Before starting the experiments, the grinding wheel was dressed, the AE transducers installed, and both MS were adjusted. The adjustments of the MS were firstly realized by setting the available filters in order to avoid the background noise influence in the AE contact recognition signals. The parameters related to the static threshold, gain, and RMS time constant play an important role in the contact recognition procedure. The parameters selection has been based on the binary technique (Dornfeld and Oliveira, 2001), i.e, threshold and RMS time constant should be as small as possible, and gain and noise reduction parameters, as high as possible.

Due to the fact that the amount of material removed on each contact experiment is very small and the specific removal rate Q'w is also very small, the wear of the CBN grinding wheel can be disconsidered. The specimen was fixed between the tailstock and the headstock and positioned orthogonally to the infeed direction, as illustrated in Fig. 4(a).

 

 

At the beginning of each experiment the grinding wheel is positioned 250 mm from the specimen (X+ = 250). Figure 4(b) shows the stages of movement described by the grinding wheel during the experiments. The grinding wheel plunges with the infeed velocity vfr1 = 600 mm/min to a position at 0.5 mm away from the specimen (point 1 in Fig. 4(b)). Thereafter, the infeed velocity is dropped to the infeed velocity vfr2, until the contact is recognized by the AE monitoring system (point 2 in Fig. 4(b)). At this point the infeed motion is automatically stopped and reversed by the CNC of the grinding machine. The relative displacement described by the grinding wheel from point 2 to point 3 defines the depth of the mark ae on the surface of the specimen. This depth is due to the time delay in processing the signals and informing the CNC, as well as the time delay of the CNC to stop and reverse the infeed movement of the grinding wheel.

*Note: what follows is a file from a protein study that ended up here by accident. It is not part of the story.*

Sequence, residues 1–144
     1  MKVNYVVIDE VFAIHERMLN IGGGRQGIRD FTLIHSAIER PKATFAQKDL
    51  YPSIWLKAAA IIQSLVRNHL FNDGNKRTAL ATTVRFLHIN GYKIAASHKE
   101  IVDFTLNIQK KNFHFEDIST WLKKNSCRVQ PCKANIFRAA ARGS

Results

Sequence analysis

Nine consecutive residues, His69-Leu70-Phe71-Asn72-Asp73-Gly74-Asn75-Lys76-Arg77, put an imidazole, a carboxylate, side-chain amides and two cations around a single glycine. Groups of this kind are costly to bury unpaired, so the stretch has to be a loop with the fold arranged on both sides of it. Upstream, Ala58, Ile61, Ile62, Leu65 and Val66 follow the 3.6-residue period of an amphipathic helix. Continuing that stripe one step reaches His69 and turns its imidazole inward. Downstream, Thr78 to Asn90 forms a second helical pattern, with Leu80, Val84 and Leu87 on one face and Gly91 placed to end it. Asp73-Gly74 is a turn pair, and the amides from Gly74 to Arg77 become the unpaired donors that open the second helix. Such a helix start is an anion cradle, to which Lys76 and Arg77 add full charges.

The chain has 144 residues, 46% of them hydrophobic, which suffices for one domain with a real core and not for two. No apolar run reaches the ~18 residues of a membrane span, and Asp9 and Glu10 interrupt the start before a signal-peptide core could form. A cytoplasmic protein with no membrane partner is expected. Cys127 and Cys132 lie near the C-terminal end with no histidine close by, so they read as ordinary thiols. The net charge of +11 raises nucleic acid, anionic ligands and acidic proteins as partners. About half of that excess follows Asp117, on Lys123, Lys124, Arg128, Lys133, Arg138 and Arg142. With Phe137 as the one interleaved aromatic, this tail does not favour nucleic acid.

The contact between grinding wheel and the specimen is featured by a physical mark on the specimen's surface, which results from the material removal from the specimen during the time between the first contact of a grit and the workpiece until the complete stoppage of the infeed motion and relaxation of all elastic deformations of the system after the reversion of the infeed motion. The level of the AE signals depends on factors like the infeed velocity of the grinding wheel vfr, the integration time constant ΔT, the transducers (magnetic or threaded fixture) and the AE monitoring system. These factors have been varied to produce contact recognition marks on the specimen. The two AE monitoring systems have been used separately.

 

Structure of the Contact Recognition Experiments

The experiments were conducted based on a Factorial Analysis involving the 3 major factors which influence on the first contact AERMS signals. Among these factors were considered the infeed velocity vfr2, the integration time constant ΔT, and the type of the employed transducers in the experiments. These 3 factors were varied in 2 levels (high ↑, and low ↓) whose magnitudes were previously defined, Table 1.

 

 

Line 1A illustrates the experimental situation in which the factors "Integration time constant" (ΔT), "transducer", and "infeed" are set at the lower levels (10 ms, magnetic sensor, 3 mm/min, respectively). On the used abbreviation, the number 1 means the first combination between factors and levels, whereas letter "A" means the MS-A was used (instead of MS-B). Each experimental situation was repeated 6 times, leading to a total of 48 experiments for each MS. When using the MS-B the same methodology was implemented. The only difference consisted in the higher value (↑) for the factor "Integration time constant" (ΔT), which assumed the value 400 ms.